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We've got our phone and water (thanks Simon!!) back. The phone line was fixed with a quick underground splice, and Simon fixed the pump by turning it off, and then on again. Which, I would like it noted, Dad and I both did several times over the previous 24 hours, but apparently not with the years of experience, and skill that Simon alone posesses. Now we're coming to terms with having to keep a very close eye on our energy consumption since we don't have a generator to fall back on anymore.

Yesterday was pretty interesting, since it had been cloudy the day before, and yesterday was cloudy and rainy, our battery voltage was dropping slowly as the day wore on. We had friends over and with just the iPod and stereo running we were drawing one or two amps. But for most of the day we were only producing

two amps from the solar panels. By dinner time the battery voltage had dropped down to about 46.5 volts. Our low voltage cut off is at 43 volts, that's when the inverter shuts down to protect the batteries from damage due to excessive discharge. 43 volts is a pretty big buffer zone, and we could probably let it drop down to 40 before we did any damage to the batteries, but while we learn I prefer to play it safe.

We got through the night, and woke to a beautiful sunny day. Right now the batteries are charging at 8 amps and we're up to 50.5 volts of charge (full charge is around 54 volts). We've also done two loads of laundry, which we felt safe doing, since it's supposed to be sunny for the next three days. Since we have no dryer it's all hanging in the gallery to dry. At this time of year our peak electrical production time is between 10:30am and 3:30pm. In that period we seem to hold a steady 8-10 amps depending on haze. Our record so far is 11 amps, but that was on a super cold February day, with a piercingly clear blue sky. In February you only get about four hours of useful sunshine, total, so that peak is pretty short term.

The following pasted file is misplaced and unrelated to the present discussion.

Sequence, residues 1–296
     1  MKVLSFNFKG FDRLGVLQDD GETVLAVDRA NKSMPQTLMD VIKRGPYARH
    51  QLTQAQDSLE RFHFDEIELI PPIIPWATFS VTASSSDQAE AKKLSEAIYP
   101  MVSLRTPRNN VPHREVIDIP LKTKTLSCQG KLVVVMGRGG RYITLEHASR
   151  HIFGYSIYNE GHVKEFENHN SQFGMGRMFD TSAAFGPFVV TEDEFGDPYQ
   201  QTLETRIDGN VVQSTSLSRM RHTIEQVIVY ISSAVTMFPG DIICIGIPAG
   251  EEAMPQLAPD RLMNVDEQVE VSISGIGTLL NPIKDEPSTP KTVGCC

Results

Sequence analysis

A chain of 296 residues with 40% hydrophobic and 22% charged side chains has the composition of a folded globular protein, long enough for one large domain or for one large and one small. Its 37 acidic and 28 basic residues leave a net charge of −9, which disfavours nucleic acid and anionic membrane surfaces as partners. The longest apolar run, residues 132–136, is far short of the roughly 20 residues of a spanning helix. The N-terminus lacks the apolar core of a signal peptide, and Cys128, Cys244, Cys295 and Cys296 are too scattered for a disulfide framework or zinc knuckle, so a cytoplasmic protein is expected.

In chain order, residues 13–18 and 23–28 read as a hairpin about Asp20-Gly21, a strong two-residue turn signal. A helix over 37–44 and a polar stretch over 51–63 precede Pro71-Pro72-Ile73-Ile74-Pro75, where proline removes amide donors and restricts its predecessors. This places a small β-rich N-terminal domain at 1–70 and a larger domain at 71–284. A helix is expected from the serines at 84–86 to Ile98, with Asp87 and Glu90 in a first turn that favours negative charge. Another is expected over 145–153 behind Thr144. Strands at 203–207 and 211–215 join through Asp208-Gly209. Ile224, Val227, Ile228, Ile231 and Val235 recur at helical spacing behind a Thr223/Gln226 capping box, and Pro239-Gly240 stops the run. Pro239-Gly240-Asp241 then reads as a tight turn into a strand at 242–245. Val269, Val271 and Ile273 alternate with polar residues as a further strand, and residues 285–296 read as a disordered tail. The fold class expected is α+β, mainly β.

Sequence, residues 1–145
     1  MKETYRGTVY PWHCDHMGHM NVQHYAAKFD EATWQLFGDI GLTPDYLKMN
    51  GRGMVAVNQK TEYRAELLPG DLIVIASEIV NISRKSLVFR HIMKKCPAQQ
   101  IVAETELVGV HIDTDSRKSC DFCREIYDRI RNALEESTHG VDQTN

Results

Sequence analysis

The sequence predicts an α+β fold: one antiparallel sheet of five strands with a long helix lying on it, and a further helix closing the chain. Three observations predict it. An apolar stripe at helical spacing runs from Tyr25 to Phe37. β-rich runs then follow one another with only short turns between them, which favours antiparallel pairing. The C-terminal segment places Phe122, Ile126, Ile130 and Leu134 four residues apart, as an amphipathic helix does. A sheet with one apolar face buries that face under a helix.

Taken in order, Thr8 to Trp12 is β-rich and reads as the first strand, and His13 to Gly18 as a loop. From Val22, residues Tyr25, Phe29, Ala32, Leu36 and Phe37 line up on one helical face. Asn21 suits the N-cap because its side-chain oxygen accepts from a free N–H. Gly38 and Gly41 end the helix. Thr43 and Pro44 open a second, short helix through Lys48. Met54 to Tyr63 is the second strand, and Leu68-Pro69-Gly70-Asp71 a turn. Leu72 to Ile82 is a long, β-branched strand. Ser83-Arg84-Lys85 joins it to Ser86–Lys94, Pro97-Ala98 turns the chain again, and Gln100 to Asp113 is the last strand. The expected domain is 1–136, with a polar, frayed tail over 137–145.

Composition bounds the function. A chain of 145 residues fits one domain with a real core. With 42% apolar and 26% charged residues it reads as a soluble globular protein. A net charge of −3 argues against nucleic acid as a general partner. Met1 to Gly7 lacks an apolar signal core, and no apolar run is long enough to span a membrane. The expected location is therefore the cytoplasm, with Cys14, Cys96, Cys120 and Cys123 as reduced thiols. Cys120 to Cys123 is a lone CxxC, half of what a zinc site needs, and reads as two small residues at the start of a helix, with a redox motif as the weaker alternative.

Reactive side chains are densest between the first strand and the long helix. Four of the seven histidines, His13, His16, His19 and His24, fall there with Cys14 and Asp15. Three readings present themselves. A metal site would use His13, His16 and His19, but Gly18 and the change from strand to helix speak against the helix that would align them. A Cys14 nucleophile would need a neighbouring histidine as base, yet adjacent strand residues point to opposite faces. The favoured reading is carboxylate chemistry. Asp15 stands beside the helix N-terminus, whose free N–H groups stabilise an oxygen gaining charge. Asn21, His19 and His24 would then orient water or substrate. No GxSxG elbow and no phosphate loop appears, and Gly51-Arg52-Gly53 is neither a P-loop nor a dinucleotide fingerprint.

Right now the solar hot water system is also running full tilt, and the return water temperature is 70C (170F). More than hot enough for domestic hot water. We've noticed that the boiler rarely comes on anymore, even though it's still restricted to only operating every other hour. I've set the thermostats down to 15C so the radiant floor system will only come on if it gets fairly chilly.

We've got all of the computers, appliances, and stereo on switched power bars. The problem with all of these devices in an off-grid home is that they present phantom loads of one sort or another. What does that mean? Well many appliances, VCRs, stoves, microwaves, etc, have clocks built into them, these clocks are always on, and always draw a little power. TVs have electronics to keep the picture tube pre-heated, this makes the TV come on quicker when you push the ON button, the same circuitry exists some of my stereo components. Individually these loads are very small, but when you add them all together they are much more significant, they also conspire to keep the inverter out of search mode. When the inverter is on it uses about 10 watts.

But the big surprise for us the the sheer number of things that we own that require chargers. Cordless phone, iPod, digital camera, laptop, cordless tools, cellphone... yikes!! So when we woke up today I plugged in all the chargers to get everything topped up. The benefit to all these devices of course, is that yesterday I could use my computer, and tools without effecting the batteries. The cordless phone though, is a write-off. It doesn't seem to hold any kind of charge, so my original idea of just plugging it in when the phone rings doesn't work. This is a problem because we only have one working corded phone, so when it rings you have to jog to that one phone.

On Friday the insurance adjuster came out with two contractors to look at the damage done by the generator. They're going to replace the soffits, plaster, window, flashing, window bucks, and the portion of the ICF foam that melted, but they are not going to replace the generator (I'm not sure why, I'm going to get that clarified). We will be approaching the manufacturer because the beast is still under warranty, but I just have a feeling that an excuse will be made not to warranty it. We certainly can't afford to buy another right now, so we really will be flying without a net. And you know what? I'm kind of excited at the idea.